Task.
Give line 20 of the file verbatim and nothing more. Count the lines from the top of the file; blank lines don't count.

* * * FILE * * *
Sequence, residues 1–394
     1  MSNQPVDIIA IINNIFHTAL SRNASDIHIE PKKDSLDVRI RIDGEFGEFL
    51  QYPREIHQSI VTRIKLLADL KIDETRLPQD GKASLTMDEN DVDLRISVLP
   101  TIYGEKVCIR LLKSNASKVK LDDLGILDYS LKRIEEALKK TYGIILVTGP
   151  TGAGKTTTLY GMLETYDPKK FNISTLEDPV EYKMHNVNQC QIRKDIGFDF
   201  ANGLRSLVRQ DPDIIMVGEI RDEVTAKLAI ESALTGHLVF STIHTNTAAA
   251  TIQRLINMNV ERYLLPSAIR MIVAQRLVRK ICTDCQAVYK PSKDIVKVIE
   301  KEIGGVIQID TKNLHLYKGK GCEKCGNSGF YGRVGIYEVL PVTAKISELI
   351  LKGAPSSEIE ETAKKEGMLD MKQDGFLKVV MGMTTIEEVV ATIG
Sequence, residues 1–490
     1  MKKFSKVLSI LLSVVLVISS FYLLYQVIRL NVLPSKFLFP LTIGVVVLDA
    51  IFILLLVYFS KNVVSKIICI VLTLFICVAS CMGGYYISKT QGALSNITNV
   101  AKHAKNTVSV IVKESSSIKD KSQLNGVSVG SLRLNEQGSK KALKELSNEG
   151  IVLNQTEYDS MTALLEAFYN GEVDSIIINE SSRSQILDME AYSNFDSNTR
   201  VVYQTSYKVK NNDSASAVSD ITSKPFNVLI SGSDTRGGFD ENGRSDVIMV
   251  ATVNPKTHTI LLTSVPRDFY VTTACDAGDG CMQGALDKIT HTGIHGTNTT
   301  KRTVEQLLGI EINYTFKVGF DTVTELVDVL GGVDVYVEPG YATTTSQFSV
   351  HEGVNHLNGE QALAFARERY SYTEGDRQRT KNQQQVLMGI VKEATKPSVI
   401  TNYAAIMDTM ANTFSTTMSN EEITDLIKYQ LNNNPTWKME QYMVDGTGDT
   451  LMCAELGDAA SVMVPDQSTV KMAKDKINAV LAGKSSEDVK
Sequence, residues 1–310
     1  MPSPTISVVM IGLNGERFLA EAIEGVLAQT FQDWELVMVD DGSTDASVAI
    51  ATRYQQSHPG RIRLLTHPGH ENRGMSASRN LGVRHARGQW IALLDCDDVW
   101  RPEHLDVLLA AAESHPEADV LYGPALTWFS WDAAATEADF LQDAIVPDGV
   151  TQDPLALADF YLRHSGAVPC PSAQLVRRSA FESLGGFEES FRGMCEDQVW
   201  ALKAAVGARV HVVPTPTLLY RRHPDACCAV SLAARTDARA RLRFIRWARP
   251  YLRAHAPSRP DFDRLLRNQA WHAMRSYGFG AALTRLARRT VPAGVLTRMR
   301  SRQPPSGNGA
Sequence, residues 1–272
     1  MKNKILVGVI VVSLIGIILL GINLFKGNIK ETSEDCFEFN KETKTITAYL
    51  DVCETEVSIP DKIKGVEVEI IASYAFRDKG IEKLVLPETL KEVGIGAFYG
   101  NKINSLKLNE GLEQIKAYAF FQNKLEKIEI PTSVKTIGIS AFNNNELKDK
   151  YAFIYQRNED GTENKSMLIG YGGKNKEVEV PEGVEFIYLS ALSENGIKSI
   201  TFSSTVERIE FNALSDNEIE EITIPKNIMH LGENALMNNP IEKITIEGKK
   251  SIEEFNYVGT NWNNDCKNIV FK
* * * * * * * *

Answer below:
   451  LMCAELGDAA SVMVPDQSTV KMAKDKINAV LAGKSSEDVK